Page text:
Wine Country / About Wine, Food, and Wine Country Living

Plan your
visit here:

For more information, choose
from the selections below:


 

Spring 2010

A Family Playground

A spacious Sonoma County pool house offers a weekend escape.

By Joan Chatfield-Taylor

When a Marin County couple bought several acres of meadowland in Sonoma County a few years back, their plan was straightforward. They would remodel the existing ranch house on the property and turn a shed into a pool house. With this in mind, they began digging the pool.

Then, reality struck. After discussions with interior designer Michelle Wempe, whose East Bay firm, Zumaooh, also provides architectural expertise, they realized that the house could not be revised to meet the family’s needs. As parents of three lively young children, they did not want to wait until a new house was finished to take advantage of their country retreat.

So, they came up with a new plan, one that at first seemed counterintuitive. Instead of starting with the house, they decided to finish the pool and transform the shed, equipping it with facilities for cooking and entertaining.

This way, they could begin using the property sooner rather than later. It would become their weekend playground—a place for the kids to spend the day jumping in and out of the water, and for the parents to host guests for an outdoor lunch or dinner. As the crow flies, the Sonoma property isn’t a long distance from their home in Marin, but it provides a dramatic change from suburb to real country.

The pool house is a clean-lined two-story assemblage of rectangles of glass, concrete, and smooth, honey-colored cedar. The ground floor can open fully to the outdoors. The living area has glass walls on both the east and west sides that can slide back, opening this interior space to the swimming pool in one direction and to a broad meadow and a protective line of trees in the other.

“One of the reasons we love Sonoma is that the changing seasons provide a living art tableau,” says the owner. “Our pool house fluidly meets its surroundings. It serves as art, even as a lens through which we view the natural art around us.”

Cooking, dining, and other entertaining take place on a generous outdoor patio covered by metal louvers that are positioned to insure that the space is always shaded, an indispensable asset on Sonoma’s burning summer days.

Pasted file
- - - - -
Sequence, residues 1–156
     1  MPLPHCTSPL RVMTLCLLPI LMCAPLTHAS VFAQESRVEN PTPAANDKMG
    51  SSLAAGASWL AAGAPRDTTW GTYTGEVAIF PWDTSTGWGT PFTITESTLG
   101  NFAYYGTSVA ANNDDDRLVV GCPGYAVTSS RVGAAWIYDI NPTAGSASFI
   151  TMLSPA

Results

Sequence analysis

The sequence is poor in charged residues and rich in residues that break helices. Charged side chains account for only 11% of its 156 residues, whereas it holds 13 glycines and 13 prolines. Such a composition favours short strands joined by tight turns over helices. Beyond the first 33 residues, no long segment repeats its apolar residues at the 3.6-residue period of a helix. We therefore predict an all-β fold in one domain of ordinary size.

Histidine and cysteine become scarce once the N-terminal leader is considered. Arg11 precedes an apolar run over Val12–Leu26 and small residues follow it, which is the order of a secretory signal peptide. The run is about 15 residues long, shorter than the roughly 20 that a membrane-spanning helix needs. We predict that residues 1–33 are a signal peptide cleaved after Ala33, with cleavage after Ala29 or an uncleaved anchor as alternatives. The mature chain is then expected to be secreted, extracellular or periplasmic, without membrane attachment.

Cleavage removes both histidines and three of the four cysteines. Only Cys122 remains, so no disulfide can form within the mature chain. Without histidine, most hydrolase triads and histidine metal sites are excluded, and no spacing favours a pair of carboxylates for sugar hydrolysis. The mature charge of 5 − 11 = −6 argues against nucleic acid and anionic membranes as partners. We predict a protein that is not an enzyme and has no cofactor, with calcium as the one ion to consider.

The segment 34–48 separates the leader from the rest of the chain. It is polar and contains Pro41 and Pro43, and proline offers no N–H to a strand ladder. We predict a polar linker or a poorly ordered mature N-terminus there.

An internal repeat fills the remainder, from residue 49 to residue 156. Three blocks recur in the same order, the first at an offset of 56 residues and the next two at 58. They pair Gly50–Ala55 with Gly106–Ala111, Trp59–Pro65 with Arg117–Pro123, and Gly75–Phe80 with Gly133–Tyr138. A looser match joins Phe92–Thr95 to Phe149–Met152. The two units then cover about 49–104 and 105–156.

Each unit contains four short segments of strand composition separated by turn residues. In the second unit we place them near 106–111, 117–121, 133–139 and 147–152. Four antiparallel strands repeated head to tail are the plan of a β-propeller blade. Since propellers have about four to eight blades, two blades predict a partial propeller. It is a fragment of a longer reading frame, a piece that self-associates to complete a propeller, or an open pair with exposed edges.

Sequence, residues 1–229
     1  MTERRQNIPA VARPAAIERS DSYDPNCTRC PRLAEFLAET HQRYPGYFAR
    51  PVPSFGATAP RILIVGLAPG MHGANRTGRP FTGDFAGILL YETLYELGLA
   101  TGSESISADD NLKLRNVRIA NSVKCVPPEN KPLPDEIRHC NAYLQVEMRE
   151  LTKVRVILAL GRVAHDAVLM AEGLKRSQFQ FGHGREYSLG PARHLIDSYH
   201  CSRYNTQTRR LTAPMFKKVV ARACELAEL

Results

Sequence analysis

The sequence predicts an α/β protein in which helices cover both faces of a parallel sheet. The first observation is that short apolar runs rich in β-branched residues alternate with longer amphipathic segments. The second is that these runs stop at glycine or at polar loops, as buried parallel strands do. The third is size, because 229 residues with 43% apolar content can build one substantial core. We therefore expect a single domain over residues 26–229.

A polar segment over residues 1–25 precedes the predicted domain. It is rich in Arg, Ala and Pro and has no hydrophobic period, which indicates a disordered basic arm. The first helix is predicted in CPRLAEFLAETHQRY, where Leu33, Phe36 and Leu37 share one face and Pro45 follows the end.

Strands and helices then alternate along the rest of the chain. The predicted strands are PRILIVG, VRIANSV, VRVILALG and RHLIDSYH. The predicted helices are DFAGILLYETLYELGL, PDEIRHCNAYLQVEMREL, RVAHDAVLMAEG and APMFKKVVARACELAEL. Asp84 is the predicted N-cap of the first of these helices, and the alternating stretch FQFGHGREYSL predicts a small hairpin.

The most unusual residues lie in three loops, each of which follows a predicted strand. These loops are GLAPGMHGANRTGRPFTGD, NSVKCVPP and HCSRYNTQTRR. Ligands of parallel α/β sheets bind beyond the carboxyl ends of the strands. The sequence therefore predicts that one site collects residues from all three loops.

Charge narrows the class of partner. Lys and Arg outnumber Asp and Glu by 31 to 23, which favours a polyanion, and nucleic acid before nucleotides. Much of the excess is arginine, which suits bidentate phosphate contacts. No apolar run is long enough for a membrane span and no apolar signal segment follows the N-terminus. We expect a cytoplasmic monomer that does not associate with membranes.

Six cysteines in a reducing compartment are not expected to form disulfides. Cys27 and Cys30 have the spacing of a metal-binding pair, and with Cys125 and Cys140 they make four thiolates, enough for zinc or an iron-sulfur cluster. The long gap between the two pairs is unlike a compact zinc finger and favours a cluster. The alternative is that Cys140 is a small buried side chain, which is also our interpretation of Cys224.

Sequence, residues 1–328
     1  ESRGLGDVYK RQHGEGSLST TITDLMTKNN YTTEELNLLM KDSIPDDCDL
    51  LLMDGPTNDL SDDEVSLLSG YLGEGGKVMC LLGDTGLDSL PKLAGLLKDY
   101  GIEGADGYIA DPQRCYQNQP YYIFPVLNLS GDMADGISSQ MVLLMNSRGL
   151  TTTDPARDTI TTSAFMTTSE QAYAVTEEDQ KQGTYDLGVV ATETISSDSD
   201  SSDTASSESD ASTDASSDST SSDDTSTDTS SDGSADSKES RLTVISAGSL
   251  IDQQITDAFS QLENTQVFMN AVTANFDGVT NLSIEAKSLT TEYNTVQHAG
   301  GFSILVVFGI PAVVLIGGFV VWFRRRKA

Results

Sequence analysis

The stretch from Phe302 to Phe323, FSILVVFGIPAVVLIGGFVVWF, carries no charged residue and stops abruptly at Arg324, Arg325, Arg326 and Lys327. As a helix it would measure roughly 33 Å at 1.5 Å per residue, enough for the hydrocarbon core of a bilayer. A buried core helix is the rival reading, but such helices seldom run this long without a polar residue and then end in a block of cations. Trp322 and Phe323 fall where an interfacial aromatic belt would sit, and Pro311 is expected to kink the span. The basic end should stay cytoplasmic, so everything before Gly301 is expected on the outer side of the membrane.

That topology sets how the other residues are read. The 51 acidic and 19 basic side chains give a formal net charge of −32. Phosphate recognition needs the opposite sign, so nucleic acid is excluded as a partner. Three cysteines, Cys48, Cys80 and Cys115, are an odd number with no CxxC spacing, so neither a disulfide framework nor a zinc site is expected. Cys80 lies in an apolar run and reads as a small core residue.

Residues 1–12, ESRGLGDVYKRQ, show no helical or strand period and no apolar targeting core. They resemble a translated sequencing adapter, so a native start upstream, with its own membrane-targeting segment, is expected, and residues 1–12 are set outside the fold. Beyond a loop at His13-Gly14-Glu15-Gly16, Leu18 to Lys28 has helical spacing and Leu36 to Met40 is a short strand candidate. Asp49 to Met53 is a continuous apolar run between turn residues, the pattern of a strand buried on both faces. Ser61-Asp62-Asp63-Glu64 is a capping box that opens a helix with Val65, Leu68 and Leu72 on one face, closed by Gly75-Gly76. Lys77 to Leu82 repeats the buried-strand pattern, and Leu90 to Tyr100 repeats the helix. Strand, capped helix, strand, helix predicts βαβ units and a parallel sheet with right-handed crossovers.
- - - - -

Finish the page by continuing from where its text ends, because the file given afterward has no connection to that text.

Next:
The outdoor kitchen is lined up against one wall of the patio and is better equipped than most indoor kitchens. An aluminum roll-down door, the kind that one sees on street-level stores at night, opens to reveal gas burners, a barbecue, and an undercounter refrigerator, which make it possible to host all kinds of events, from a child’s birthday party to leisurely adult luncheons.

Family and guests dine at the patio’s long rectangular table, which is large enough to seat 14 people. Nearby, an upholstered sofa and chairs face an outdoor fireplace that includes an electric rotisserie.

The living area is sleek and uncluttered, with most of the functional spaces, such as closets and a stacked washer and dryer, hidden behind wood-paneled doors. The rectangle motif and the minimal range of materials used in the construction give this space a feeling of order and tranquility.

The living area also offers what parents of young children need most: an indestructible space. The sofa, facing a big-screen television, was designed for the outdoors. Its robust upholstery won’t be hurt by wet bathing suits or muddy sneakers. Three leather-covered tables look like beanbags but have sturdy metal tops that lift to reveal storage space for toys.

A pleated silk light fixture, suggesting the curved form of an overturned kayak, provides a delicate contrast to all this indestructibility. On a practical level, it is a remarkably beautiful disguise for fluorescent lights.

The fluorescent bulbs are one of the building’s green features. Solar panels in the meadow heat the pool, and solar panels on the flat roof help power the house. “Green is a lot easier to do these days. It’s more accessible and more affordable, and there’s just much more information available,” says designer Wempe, adding that the planned main house will have even more environmentally friendly systems.

Groundbreaking for the new house is scheduled for next year. Thanks to the decision to build the pool house first, the family will be able to enjoy their piece of countryside even as construction proceeds.

Sponsored Links